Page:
The Biggest Dangers
of Deepfakes

Ferdinand Heimbach
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By nature, humans are skeptical about new things. In the case of deepfakes, this is perfectly justified – they are currently used mostly used in pornography.

Deepfakes polarize. They have the potential to cause a shitstorm on social media in the shortest possible time. So far, policymakers have failed to impose clear legal boundaries on deepfakes. That is why right now the technology is developing unchecked and without clear regulations. Deepfakes come with various risks.

Influencing democracy

Imagine Angela Merkel stating in a public speech that she thinks Putin is an idiot. Such statements could not only lead to a state crisis but also have serious consequences for international relations. Military decision-makers could utter sentences that, in the worst case, lead to war.  

Admittedly, a harsh example. Deepfakes could also have a big impact on a local level. When deepfake technology puts words into a politician's mouth that they have never said,  the unrestricted formation of opinion can be influenced. Voters could be misled and political parties might enforce their agenda illegally.

Mark Coeckelbergh is a professor of philosophy at the University of Vienna and devotes himself to the study of technology in general and artificial intelligence in particular. He says:

Technology philosopher Marc Coeckelbergh deals with AI and morality

Deepfake detection is too slow

Many deepfakes can currently be recognized with the naked eye. Detection software can expose deepfakes, too, thus protecting society from misinformation. However: In a few years, deepfake technology will be much more sophisticated and might fool us more easily. To detect deepfakes, existing technologies are analyzed by detection software. However, if a new type of deepfakee merges, software must first be trained to detect it. A cat-and-mouse game is a logical consequence.

Dominik Kovacs' company Defudger develops software that detects deepfakes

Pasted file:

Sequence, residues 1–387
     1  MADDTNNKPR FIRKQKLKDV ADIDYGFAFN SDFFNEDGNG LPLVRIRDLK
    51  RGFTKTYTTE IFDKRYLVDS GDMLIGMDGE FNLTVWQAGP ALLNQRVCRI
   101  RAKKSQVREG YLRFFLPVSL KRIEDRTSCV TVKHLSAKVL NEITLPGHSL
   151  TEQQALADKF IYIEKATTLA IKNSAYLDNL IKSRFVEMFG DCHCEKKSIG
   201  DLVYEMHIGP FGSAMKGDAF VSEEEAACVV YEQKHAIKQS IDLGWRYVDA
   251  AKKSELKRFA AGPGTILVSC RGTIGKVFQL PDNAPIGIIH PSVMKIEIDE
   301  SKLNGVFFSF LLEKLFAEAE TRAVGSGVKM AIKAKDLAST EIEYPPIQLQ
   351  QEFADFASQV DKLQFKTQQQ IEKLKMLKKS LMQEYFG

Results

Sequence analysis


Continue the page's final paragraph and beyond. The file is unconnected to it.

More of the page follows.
The goal is therefore to design detective algorithms that are so sophisticated that the production of new undetectable Deepfake technology becomes an enormous effort – and simply will be too difficult and time-consuming.

Spreading misinformation

Fake news polarize. Controversial information spreads like a wildfire on social media. The problem: Platforms rarely review the information before it is posted. This enables everyone to circulate misinformation with hardly any restriction.

Hao Li is one of the most renowned Deepfake experts

Pornographic content

Pornographic videos can not only negatively affect the careers of famous personalities but also private individuals. On the Internet, graphic deepfake videos of victims that look deceptively real might be spread. There are many reasons why people might create such harmful videos. The Konrad Adenauer Foundation writes:

"It can be about harming someone or taking revenge. It is also known that money can be extorted with fake videos. "

Again, the more sophisticated the technique becomes, the harder it will be to detect fake videos and proof that something isn’t actually you.  

The legal situation is unclear

Deepfakes are still a new technology. That is why legislation is still vague. However, this is not an extralegal space: fake photographs have been circulating for several decades. The Konrad Adenauer Foundation writes:

"Until now, Germany has lacked legal regulations that draw a line between the permissible processing of videos and their dissemination and inadmissible deceptions."

Thus, the legislators must address this issue. Other countries, such as Australia, have already enacted legislation specifically targeting pornographic deepfakes. Since 2018, perpetrators can face up to several years in prison. On April 21 the European Commission published a legal framework for a possible regulation of artificial intelligence. Different types of AI ​​would be divided into different risk categories and regulated accordingly. Deepfakes per se are categorized as “limited risk” technology inorder to enable positive use cases. However, dectection software is seen as "high risk", as artificial intelligence is left to decide on its own whether a video is real or whether it has been manipulated.

Kathryn Harrison is an expert on disinformation in the digital space

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